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Update on empty nose syndrome

disease mechanisms, diagnostic tools, and treatment strategies

Gill, Amarbir S.a; Said, Menab; Tollefson, Travis T.a; Steele, Toby O.a,c

Current Opinion in Otolaryngology & Head and Neck Surgery: August 2019 - Volume 27 - Issue 4 - p 237–242
doi: 10.1097/MOO.0000000000000544
FACIAL PLASTIC SURGERY: Edited by Travis T. Tollefson
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Purpose of review To discuss the proposed pathophysiology of empty nose syndrome (ENS), summarize and evaluate the role of validated diagnostic tools in the diagnosis of ENS, and review the medical and surgical treatment strategies for patients with ENS.

Recent findings Historically, ENS has been associated with a reduction in nasal turbinate size; new data suggest that impaired trigeminal nerve function may also play a role in the pathophysiology of the disease. The newly validated empty nose syndrome 6 item questionnaires and Cotton test are steps forward to standardize the diagnosis of ENS. Finally, there has been a marked increase in surgical treatment strategies to reconstitute turbinate volume with various implant materials.

Summary The diagnosis of ENS remains controversial but the last several years have seen a rejuvenation of interest in this disease entity. The validated empty nose syndrome 6 item questionnaires and Cotton test provide a standardized and objective means by which to characterize ENS. Prevention of iatrogenic ENS through avoidance of excessive turbinate reduction remains critical in preventing paradoxical nasal obstruction. Nasal humidification, patient education, and treatment of possible concomitant medical conditions (e.g., depression) constitute first lines of treatment. We support the cautious use of these screening tools as adjuncts to clinical decision-making. Although injectable implants to augment turbinate volume show promise as a therapeutic surgical technique, there is insufficient data to fully support their use at this time.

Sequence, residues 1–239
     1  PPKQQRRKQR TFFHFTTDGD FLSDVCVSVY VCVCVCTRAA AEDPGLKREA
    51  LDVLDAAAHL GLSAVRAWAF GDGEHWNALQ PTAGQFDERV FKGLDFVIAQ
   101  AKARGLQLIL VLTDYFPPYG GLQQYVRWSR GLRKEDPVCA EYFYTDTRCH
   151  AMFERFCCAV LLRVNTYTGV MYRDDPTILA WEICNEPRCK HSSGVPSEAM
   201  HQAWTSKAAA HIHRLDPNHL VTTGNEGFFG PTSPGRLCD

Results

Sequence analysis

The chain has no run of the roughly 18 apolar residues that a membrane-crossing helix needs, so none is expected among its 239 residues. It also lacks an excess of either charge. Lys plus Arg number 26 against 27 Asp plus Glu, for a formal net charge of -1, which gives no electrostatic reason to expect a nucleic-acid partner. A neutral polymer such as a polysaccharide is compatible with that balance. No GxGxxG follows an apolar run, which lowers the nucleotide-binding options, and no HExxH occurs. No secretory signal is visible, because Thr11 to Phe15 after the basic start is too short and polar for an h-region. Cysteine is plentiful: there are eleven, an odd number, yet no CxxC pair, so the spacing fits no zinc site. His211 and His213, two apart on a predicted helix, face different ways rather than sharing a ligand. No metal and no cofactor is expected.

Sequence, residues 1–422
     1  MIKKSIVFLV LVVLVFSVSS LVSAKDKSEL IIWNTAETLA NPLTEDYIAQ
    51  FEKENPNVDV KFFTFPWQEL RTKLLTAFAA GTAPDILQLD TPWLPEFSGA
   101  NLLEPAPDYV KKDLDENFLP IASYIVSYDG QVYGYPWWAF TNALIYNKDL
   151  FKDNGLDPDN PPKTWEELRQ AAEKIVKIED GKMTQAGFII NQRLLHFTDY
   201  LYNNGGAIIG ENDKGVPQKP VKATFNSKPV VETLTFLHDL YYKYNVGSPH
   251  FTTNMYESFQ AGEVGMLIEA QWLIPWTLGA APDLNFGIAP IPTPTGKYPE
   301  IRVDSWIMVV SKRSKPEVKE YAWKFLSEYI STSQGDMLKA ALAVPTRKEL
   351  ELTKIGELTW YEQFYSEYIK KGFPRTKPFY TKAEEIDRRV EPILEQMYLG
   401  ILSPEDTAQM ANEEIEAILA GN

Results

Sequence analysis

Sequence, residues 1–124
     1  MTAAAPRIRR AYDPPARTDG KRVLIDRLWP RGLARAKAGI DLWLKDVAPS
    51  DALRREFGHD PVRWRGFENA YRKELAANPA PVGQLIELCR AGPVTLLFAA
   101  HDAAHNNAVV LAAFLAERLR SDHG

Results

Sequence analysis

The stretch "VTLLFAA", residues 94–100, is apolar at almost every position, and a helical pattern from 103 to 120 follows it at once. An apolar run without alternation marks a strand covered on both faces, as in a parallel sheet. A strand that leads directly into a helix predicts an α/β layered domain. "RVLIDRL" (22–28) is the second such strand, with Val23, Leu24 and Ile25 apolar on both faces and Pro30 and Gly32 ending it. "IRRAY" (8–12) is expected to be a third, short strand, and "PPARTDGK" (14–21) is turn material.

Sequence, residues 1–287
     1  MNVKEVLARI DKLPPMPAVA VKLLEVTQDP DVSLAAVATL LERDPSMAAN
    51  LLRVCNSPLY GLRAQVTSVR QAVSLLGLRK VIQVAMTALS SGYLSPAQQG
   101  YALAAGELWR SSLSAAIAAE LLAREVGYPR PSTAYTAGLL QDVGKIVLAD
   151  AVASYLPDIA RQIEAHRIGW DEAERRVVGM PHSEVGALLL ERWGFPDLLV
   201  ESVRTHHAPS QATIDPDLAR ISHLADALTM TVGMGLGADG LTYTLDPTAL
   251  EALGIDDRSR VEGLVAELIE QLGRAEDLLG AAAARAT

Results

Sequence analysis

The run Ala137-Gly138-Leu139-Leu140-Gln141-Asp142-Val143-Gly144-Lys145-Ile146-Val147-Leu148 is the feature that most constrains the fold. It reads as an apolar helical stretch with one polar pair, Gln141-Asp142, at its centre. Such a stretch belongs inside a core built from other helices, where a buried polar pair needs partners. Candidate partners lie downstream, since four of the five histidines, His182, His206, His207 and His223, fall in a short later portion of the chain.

aDepartment of Otolaryngology – Head and Neck Surgery, University of California Davis, Davis

bDepartment of Otolaryngology - Head and Neck Surgery, University of California Davis School of Medicine

cDepartment of Otolaryngology - Head and Neck Surgery, VA Northern California Healthcare System, Sacramento, California, USA

Correspondence to Toby O. Steele, MD, Department of Otolaryngology – Head and Neck Surgery, University of California Davis, Davis, CA 95616, USA. E-mail: tosteele@ucdavis.edu

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